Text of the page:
Researchers at MIT have developed a method that could be used to ensure long-lasting medical device implants do not trigger an immune response. The aim of their research is to allow implants to keep working without being rejected by the body.
They pointed to a specific use case: artificial pancreas implants that periodically release insulin under the skin to help treat diabetes without daily injections or inserted tubes. But so far product developers have been blocked by the body’s immune system, which would grow a defensive layer of scar tissue around the device, effectively sealing it off and restricting the doses of insulin.
To overcome this foreign-body response, MIT researchers built a soft, robotically powered device that can inflate and deflate. Every 12 hours the implant can quickly expand and contract to shake off the build-up of immune cells.
In early experiments using mice, the researchers found the shape-shifting implant could work for much longer than a typical drug delivery device.
“We’re using this type of motion to extend the lifetime and the efficacy of these implanted reservoirs that can deliver drugs like insulin, and we think this platform can be extended beyond this application,” Associate Professor Ellen Roche, of MIT’s Institute for Medical Engineering and Science, said to MIT News.
Previously, implant makers have used immunosuppressant drugs or device coatings to fight off scar tissue, which can cause a device to fail within weeks or months. The foreign body response can also affect breast implants, heart valves and pacemakers.
The ultimate goal of the MIT researchers, with their collaborators at the National University of Ireland at Galway, is to develop a largely drug-free implant that could potentially harbor insulin-secreting pancreatic islet cells.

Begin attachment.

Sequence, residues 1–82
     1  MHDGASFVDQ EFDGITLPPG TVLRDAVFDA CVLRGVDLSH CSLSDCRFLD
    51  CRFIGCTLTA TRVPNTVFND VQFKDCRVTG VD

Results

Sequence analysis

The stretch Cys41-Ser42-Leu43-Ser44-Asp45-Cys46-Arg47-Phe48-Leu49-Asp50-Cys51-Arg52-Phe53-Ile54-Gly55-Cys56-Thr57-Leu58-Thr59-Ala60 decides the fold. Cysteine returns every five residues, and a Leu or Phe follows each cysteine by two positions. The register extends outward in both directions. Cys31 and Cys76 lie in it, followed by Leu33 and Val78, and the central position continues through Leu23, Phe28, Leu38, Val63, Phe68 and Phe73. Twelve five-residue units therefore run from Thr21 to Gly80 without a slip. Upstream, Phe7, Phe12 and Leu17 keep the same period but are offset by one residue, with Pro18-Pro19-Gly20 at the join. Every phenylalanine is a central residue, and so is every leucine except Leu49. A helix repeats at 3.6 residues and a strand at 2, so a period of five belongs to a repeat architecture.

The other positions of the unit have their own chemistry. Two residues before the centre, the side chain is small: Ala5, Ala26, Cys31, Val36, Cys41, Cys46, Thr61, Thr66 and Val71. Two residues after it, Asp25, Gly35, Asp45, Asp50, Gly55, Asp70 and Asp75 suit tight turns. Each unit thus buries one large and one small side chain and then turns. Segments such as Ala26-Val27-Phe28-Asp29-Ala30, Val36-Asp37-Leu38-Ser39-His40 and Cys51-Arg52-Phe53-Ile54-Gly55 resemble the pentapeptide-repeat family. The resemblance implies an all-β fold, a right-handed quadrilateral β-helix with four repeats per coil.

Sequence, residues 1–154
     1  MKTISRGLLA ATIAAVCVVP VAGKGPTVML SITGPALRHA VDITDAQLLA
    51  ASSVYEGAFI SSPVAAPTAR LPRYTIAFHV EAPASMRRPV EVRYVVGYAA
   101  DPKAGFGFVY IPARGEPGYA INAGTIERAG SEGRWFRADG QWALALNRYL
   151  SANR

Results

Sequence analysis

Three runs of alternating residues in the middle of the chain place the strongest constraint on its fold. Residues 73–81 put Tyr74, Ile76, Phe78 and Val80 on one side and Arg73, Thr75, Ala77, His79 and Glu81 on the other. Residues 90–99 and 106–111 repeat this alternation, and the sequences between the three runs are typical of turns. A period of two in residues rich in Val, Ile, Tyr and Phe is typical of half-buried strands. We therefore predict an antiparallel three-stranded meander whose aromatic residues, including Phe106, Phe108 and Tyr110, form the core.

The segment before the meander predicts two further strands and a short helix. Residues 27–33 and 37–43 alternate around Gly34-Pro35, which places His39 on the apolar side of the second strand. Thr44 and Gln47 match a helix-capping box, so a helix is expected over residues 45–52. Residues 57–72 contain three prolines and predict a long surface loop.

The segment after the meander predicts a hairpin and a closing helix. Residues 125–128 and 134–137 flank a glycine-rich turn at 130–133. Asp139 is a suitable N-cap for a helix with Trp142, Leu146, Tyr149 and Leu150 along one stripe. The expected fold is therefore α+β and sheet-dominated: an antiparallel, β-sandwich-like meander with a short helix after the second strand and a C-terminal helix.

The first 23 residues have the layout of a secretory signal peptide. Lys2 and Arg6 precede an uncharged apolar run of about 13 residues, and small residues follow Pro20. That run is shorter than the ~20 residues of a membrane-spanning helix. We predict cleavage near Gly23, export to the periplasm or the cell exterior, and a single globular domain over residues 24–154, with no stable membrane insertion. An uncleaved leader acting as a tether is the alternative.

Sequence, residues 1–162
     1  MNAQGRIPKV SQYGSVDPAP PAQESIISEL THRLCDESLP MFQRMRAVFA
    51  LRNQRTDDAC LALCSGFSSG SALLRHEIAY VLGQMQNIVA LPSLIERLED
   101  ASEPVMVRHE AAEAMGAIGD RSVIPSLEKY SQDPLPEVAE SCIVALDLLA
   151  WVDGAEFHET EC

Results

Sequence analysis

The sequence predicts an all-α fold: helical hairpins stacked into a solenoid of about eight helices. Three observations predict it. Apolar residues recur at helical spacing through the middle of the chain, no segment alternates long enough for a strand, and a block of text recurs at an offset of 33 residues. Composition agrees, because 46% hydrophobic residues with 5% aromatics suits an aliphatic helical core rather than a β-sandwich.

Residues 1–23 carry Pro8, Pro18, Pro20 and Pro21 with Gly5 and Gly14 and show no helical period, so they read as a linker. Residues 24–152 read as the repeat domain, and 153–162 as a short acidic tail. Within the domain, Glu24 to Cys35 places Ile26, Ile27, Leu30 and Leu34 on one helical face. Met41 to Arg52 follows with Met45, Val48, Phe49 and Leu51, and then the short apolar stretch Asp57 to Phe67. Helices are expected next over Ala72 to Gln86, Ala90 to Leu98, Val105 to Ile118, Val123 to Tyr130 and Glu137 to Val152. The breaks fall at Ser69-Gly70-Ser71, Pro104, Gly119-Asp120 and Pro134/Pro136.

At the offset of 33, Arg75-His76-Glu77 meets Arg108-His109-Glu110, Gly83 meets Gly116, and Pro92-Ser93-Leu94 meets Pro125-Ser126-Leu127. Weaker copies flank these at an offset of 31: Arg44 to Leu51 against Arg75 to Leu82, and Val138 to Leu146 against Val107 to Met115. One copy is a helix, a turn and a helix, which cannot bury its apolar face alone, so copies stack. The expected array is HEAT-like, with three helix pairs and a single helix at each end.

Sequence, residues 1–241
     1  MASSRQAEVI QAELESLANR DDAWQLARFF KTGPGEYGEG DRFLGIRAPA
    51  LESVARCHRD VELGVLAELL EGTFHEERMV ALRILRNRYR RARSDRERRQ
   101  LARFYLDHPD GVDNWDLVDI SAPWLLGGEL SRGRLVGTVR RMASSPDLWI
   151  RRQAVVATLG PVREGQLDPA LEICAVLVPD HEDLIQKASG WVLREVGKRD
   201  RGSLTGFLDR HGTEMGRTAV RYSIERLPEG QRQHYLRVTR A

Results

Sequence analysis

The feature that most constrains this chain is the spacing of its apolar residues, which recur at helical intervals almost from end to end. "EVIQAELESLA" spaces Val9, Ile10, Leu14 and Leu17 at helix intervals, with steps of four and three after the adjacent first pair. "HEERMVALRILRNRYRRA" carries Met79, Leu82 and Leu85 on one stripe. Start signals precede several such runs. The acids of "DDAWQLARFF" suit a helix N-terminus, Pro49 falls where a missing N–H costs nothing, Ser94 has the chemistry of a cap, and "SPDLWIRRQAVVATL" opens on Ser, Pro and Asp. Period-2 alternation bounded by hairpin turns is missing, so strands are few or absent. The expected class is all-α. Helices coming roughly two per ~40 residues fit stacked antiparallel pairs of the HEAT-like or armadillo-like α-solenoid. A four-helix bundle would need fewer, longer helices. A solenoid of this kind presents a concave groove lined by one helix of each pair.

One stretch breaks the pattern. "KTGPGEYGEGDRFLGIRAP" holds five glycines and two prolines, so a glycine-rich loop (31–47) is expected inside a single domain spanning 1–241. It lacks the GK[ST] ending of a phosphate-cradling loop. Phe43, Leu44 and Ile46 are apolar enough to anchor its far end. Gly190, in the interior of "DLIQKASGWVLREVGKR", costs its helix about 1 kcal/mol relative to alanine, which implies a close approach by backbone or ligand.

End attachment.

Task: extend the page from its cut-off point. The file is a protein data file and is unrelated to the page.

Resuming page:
“The idea would be that the cells would be resident in the reservoir and they would act as an insulin factory,” said Roche. “They would detect the levels of glucose in blood and then release insulin according to what was necessary.”
The research team built a soft, patch-shaped, polyurethane implant containing two chambers: one houses an insulin reservoir, while the other can be pressurized to bulge out its sides. Slipped under the skin, it connects to an external controller that can make the device inflate and deflate once per second for five minutes at a time, twice per day.
In the mouse study, researchers saw it took longer for scar tissue to form around the device, and when it did, its collagen fibers aligned themselves in specific ways that allowed insulin doses to slip through and escape into the body.
Their work was published this month in the journal Nature Communications, with funding from Science Foundation Ireland, the Juvenile Diabetes Research Foundation and the National Institutes of Health.
Future applications could include implants that deliver immunotherapies to treat cancer or drugs to help stave off heart failure.
“You can imagine that we can apply this technology to anything that is hindered by a foreign body response or fibrous capsule and have a long-term effect,” said Roche. “I think any sort of implantable drug delivery device could benefit.”